The rise and rise of artisanal food

Traditional recipes and methods of cooking are back in vogue. Producers say they are healthy, sustainable and personalised

From fabrics to furniture, the demand for artisanal products is on the rise. And artisanal food is no exception. 

Unlike mainstream and mass-produced products, artisanal products are unique. They are made with hands, using traditional methods, and in limited quantities.

Likewise, artisanal food is made using traditional recipes, which do not feature preservatives, colorants, sweeteners, thickeners, or chemicals and which is why they are considered healthy. 

Metrolife finds out everything one needs to know about this ‘authentic’ and ‘conscious’ food trend.

Vocal for local

Artisanal foods are usually handmade and follow traditional methods of cooking. They support the farm-to-fork model in that they make use of products sourced from local and small-scale farmers, says Shwetha Rajashekar, COO, India Sweet House.

A faceless corporation churning out products by the millions does not appeal to urban consumers anymore. “Buyers have all the information at their fingertips. Farmers have become digitally savvy. As a result, most consumers can now see the impact their purchase has on a local economy,” she adds. 

Pandemic made them popular

The movement to support local producers started a decade ago but has caught on with gusto since the pandemic broke out, she says. 

Lincoln Bennet Rodrigues, founder of Artisan Deli, agrees. “Since artisanal foods are prepared hygienically and stored and packaged well, they have become the need of the hour now,” he talks about how the pandemic has changed the consumer perception about food safety forever.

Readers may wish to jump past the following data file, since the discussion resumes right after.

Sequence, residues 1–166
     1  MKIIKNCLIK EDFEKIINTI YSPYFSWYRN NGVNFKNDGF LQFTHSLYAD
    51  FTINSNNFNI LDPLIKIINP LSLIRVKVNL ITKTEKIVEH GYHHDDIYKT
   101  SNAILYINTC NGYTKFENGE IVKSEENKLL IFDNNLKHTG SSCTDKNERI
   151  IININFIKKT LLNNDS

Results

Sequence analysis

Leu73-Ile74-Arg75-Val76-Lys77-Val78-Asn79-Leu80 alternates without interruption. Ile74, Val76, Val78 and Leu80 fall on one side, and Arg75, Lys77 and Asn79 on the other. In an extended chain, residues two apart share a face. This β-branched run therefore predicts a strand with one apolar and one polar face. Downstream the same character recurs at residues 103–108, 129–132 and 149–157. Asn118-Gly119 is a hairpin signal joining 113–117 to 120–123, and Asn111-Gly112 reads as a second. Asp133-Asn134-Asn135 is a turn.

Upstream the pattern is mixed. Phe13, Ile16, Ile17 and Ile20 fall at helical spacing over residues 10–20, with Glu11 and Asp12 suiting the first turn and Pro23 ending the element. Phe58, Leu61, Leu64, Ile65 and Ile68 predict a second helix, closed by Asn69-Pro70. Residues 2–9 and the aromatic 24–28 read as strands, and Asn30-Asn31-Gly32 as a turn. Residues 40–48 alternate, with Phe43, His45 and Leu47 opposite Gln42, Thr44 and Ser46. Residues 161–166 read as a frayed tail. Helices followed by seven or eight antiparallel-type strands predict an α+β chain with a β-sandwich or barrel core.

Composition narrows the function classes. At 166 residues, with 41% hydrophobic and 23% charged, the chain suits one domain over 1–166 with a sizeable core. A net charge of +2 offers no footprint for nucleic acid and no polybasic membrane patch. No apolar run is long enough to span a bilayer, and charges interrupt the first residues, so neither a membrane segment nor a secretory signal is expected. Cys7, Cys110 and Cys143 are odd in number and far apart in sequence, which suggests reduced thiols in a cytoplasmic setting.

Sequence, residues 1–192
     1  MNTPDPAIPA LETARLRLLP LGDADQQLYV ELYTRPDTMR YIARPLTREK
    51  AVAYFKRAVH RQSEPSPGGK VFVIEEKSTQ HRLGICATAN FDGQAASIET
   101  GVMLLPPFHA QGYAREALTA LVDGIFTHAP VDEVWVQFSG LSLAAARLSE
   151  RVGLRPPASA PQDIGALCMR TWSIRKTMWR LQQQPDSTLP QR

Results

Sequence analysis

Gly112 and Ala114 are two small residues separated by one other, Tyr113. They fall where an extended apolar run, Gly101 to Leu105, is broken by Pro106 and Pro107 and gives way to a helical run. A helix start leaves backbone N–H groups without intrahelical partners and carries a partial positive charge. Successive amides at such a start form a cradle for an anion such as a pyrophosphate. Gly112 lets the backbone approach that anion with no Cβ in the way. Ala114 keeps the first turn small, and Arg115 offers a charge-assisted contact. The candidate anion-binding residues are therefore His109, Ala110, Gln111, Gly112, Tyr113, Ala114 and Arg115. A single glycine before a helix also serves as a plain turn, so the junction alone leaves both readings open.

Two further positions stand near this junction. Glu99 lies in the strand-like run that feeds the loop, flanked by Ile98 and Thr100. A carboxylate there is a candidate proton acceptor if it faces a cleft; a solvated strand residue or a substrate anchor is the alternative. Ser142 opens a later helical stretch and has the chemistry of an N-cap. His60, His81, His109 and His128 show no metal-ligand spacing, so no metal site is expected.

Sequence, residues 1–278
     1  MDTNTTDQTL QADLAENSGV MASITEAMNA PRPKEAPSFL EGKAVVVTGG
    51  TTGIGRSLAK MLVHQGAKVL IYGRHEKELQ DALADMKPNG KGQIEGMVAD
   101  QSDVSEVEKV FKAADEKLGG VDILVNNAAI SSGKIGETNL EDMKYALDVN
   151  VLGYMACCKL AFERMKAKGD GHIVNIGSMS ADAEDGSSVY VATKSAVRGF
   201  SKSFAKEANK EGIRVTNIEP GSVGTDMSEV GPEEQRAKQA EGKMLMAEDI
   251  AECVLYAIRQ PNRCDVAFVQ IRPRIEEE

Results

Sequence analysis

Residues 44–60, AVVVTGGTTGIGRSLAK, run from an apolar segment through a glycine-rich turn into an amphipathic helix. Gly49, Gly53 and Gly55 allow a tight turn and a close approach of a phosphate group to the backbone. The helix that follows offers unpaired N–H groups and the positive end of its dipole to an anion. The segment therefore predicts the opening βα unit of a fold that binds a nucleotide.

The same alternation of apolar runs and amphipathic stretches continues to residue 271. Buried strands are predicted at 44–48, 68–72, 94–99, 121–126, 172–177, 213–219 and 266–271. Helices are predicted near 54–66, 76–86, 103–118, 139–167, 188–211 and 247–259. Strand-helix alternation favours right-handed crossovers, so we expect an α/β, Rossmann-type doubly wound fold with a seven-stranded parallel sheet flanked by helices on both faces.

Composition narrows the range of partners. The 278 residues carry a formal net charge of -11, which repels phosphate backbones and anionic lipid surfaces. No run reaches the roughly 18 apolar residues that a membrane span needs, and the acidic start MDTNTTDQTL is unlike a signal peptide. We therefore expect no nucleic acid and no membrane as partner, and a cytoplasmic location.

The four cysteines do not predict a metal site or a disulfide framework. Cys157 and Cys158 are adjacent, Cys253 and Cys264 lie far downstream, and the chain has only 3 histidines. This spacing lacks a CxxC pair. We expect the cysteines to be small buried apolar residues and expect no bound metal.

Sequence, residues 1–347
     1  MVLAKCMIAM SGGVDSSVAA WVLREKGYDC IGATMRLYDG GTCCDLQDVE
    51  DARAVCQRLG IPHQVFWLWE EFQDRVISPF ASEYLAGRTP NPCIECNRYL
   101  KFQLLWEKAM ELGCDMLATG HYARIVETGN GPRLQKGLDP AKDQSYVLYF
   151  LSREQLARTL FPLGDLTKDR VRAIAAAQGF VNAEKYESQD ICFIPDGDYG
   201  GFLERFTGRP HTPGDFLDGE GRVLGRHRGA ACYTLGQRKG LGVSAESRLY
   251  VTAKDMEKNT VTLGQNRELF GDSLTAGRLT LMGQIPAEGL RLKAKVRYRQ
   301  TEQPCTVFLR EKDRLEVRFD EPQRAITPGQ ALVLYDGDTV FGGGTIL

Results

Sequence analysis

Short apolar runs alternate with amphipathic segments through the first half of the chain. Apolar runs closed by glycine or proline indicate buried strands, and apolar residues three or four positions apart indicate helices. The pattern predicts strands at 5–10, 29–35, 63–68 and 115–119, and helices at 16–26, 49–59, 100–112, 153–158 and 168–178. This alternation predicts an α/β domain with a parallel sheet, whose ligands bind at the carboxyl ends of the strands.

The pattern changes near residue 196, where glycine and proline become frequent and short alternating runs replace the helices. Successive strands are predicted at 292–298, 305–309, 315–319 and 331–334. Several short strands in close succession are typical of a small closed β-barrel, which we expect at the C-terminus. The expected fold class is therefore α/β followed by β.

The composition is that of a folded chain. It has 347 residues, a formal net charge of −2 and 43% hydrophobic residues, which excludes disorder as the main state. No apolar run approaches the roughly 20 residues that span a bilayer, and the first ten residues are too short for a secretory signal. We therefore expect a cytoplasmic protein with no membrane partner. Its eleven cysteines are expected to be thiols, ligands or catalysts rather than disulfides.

Plus, people are wary about consuming processed food more than before, he goes on to add.

“The health benefits of artisanal food products are many. They are a high source of calcium, protein, and vitamin. They can reverse hypertension by lowering blood pressure. They provide essential healthy fat. They help in building muscles. They benefit the immune system. They are good for the thyroid health,” he explains

Among a long list of artisanal foods, bread, cheeses, fruit preserves, cured meats, cold cuts, beverages, oils, and vinegar are quite popular. 

They are affordable, accessible

Teja Chekuri, managing partner of Ironhill India, says consumers are losing interest in run-of-the-mill products available on the shelves.

“Most consumers want something that is unique and that caters to their senses in a more intimate way. Artisanal food provides that experience,” he adds. 

Artisanal food was thought to be a ‘thing of the elite’ till some time ago but now, consumers know what constitutes artisan food and beverages and where to get them from.

“Today, many entrepreneurs have entered the industry with a desire to preserve the ‘slow method of cooking’. Hence, there is an obvious shift in affordability and accessibility of these products,” he explains. 

What do artisans do?

Most artisans are conscious of the quality they put out. An artisan will always be on the lookout of traditional recipes that will appeal to their patrons. Most also take the effort to learn the recipe from the masters before replicating it with their own twist, says Shwetha.

How do you identify artisanal food?

An artisan product has three definite hallmarks. It adheres to traditional processes, recipes and quality.

How do you become an artisan producer?

There are a lot of smaller communities that are working towards preserving our rich food history. Identify one that resonates with you and work with them as a producer.